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Hearst Tower (Charlotte)

From Wikipedia, the free encyclopedia

Hearst Tower
Charlotte hearst tower.jpg
The Hearst Tower is the third-tallest building in Charlotte and North Carolina.
General information
TypeOffice, museum
Location214 North Tryon Street, Charlotte, North Carolina, United States
Coordinates35°13′39″N 80°50′27″W / 35.227572°N 80.840803°W / 35.227572; -80.840803
Construction started1999
Completed2002
Opening2002
Cost$200 million (2002 USD)
OwnerCousins Properties Incorporated (pending to Truist Financial)
Height
Roof201 m (659 ft)
Technical details
Floor count47
Floor area148,644 m2 (1,599,990 sq ft)
Lifts/elevators29
Design and construction
ArchitectSmallwood, Reynolds, Stewart, Stewart & Associates, Inc.
DeveloperBank of America

The Hearst Tower in Charlotte, North Carolina is a 47-story skyscraper along North Tryon Street that rises 201 meters (659 ft) in height. It opened on 14 November 2002 and is the 3rd-tallest building in Charlotte. The 32-story tower rests atop a 15-floor podium. Located within the podium is a three-story, 17,000-square-metre (180,000 sq ft) trading floor designed by Skidmore, Owings & Merrill and operated by Bank of America. The building is currently owned by Cousins Properties Incorporated, although Hearst Communications also has offices in the building.

The building's reverse floorplate design makes the upper floors average 2,200 square metres (24,000 sq ft) compared to an average of only 1,900 square metres (20,000 sq ft) for the lower floors.

In the College Street lobby are brass railings designed by Edgar Brandt that were rescued from an Au Bon Marche department store in Paris. The Hearst Plaza, a 49 by 20m public plaza lined with restaurants, shops, and the Sonia and Isaac Luski Gallery, is located next to the main entrance off North Tryon Street. In front of the plaza is a 3-metre (9.8 ft) glass and bronze sculpture crafted by Howard Ben Tre entitled the Castellan, which translates to "keeper of the castle." Within the lobby is Collaborate214, which is a coworking space introduced in October 2014.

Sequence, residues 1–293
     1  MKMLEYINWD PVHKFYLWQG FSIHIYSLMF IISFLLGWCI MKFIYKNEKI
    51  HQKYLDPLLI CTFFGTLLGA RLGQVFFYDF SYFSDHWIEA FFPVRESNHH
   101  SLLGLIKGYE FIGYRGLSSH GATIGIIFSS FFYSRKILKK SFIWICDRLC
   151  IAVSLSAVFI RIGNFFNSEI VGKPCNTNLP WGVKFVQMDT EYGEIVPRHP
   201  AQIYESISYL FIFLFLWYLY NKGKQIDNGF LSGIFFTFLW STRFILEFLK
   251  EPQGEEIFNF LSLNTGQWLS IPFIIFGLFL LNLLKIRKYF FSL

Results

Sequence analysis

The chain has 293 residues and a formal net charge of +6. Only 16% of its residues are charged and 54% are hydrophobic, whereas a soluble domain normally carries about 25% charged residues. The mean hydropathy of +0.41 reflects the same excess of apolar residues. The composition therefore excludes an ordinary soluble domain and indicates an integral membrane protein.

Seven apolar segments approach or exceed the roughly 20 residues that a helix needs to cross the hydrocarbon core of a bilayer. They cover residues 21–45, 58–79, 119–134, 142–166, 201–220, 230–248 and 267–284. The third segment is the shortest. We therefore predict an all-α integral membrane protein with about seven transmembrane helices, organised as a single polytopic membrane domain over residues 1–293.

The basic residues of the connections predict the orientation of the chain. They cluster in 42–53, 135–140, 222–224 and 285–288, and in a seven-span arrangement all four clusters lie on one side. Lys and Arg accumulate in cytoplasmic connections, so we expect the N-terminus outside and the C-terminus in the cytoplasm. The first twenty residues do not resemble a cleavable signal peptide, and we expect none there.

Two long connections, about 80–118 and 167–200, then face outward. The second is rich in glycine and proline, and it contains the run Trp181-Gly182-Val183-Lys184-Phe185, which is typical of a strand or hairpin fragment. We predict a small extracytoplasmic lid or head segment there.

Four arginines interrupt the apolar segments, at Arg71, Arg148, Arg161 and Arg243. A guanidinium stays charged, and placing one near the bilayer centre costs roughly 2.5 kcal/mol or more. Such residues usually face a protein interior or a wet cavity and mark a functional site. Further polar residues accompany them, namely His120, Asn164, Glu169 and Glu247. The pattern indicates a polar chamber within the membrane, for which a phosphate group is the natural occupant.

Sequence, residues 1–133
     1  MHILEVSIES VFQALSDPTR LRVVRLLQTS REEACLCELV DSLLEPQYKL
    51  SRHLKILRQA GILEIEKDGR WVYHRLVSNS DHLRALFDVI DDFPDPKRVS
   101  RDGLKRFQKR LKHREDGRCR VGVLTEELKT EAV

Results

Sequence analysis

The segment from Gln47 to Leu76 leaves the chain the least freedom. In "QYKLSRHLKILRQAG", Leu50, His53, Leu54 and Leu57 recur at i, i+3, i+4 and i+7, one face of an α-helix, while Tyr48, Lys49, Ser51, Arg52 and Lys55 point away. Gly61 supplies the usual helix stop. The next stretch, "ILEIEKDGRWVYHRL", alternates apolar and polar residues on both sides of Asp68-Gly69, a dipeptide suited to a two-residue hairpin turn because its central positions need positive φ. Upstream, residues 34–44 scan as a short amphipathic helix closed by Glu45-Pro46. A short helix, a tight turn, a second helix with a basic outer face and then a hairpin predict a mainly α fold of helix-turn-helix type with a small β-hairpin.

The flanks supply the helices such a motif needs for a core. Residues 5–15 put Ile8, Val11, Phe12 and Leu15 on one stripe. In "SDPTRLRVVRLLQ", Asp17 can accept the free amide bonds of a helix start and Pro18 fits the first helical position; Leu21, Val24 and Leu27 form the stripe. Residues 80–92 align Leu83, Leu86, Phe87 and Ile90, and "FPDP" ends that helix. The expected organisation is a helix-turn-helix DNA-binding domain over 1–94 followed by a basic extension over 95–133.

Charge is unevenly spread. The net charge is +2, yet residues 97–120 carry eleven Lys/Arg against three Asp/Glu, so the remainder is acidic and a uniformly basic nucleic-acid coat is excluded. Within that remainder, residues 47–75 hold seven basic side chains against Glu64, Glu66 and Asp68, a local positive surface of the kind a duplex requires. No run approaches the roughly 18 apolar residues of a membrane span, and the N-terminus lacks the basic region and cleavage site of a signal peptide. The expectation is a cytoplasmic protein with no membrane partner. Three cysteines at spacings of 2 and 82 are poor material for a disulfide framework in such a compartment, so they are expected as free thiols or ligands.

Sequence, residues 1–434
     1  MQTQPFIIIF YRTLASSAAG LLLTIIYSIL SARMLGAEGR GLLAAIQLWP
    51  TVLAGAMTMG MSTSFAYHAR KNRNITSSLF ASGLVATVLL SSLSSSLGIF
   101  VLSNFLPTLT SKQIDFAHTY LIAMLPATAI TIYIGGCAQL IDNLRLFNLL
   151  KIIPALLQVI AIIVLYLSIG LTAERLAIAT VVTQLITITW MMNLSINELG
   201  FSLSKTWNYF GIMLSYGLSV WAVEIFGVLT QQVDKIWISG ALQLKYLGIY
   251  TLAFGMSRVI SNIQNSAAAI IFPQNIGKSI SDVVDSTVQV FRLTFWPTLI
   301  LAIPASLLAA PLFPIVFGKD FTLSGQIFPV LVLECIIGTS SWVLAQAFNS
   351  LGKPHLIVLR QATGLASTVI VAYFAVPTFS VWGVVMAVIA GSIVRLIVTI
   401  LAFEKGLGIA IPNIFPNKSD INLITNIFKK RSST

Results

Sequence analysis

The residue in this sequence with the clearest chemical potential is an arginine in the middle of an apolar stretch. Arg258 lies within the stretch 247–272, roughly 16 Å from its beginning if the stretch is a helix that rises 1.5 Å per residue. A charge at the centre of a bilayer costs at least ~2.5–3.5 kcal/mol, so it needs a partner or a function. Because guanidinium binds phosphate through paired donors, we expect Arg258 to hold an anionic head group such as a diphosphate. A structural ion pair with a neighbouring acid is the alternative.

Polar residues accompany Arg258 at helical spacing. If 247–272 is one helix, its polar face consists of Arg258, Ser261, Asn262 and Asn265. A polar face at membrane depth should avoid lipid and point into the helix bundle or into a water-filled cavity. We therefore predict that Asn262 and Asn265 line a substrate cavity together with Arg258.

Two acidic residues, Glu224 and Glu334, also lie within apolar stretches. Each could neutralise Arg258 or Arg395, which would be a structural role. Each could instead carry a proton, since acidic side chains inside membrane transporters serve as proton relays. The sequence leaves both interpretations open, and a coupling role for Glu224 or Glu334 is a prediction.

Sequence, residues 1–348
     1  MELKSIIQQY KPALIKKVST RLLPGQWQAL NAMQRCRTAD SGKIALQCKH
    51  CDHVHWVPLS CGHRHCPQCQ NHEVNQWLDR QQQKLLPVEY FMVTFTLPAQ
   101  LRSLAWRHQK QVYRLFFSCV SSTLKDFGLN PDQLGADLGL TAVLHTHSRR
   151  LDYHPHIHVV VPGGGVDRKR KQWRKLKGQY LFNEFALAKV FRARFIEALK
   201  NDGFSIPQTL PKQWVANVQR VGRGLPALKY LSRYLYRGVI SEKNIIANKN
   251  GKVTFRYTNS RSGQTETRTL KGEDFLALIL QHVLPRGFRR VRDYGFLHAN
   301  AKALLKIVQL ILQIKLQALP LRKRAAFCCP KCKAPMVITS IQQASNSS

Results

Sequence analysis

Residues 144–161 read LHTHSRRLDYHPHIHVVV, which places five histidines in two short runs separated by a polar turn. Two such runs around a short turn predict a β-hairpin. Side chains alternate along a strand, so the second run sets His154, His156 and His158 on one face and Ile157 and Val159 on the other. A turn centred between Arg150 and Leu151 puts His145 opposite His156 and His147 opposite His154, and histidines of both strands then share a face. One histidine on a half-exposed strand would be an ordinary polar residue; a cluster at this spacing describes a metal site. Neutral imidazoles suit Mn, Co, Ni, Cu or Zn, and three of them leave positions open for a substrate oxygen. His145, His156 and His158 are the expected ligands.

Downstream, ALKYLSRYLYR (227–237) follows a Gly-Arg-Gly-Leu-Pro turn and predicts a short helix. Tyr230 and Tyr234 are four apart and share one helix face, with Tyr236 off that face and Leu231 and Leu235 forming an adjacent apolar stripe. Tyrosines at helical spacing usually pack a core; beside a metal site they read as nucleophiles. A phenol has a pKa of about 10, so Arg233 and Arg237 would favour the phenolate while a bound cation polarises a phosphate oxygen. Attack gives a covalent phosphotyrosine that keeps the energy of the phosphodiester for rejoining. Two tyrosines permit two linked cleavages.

The building is located across the street from the Bank of America Corporate Center and 201 North Tryon.

The building is owned by Cousins Properties of Atlanta, Georgia. [1]

YouTube Encyclopedic

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  • ✪ Looking down from the top of the Hearst Tower Charlotte, NC
  • ✪ Hearst Tower in New York City
  • ✪ Above the Bank of America Corporate Center, Charlotte

Transcription

Contents

History

On 12 June 2019, it was announced that Truist Financial, a bank holding company to be formed from the merger of BB&T and SunTrust Banks, had selected Hearst Tower for its future new corporate headquarters.[2] Truist will occupy 561,000 square feet in the tower and has an option to buy the tower from Cousins in the fourth quarter of 2019 for $455.5 million.[3] On 14 August 2019, Hearst Communications announced it would move out of its namesake tower to offices near Ballantyne (Charlotte neighborhood) to make way for Truist.[4]

On December 11, 2019, Truist Financial announced it had officially exercised its option to purchase the building from Cousins Properties for $455.5 million and will rename the tower Truist Center, in a deal expected to close in the first quarter of 2020. New signage will also be added to the building.[5]

See also

References

  1. ^ Singe, Kerry; Dunn, Andrew (2012-05-04). "Sale of Hearst Tower may signal investor interest in Charlotte". The Charlotte Observer. Archived from the original on 2012-07-21. Retrieved 2012-05-04.
  2. ^ "BB&T and SunTrust choose 'signature' uptown tower as headquarters for new bank". Charlotte Observer. Retrieved 26 August 2019.
  3. ^ "BB&T, SunTrust Take Big Lease at Charlotte Trophy Tower". Commercial Property Executive. Retrieved 26 August 2019.
  4. ^ "Hearst will leave its uptown tower to make way for BB&T and SunTrust workers". Charlotte Observer. Retrieved 26 August 2019.
  5. ^ Chemtob, Danielle; Weinstein, Austin (11 December 2019). "Truist buys uptown tower for record $455 million as bank builds Charlotte presence". The Charlotte Observer. Retrieved 12 December 2019.

External links

This page was last edited on 13 December 2019, at 22:49
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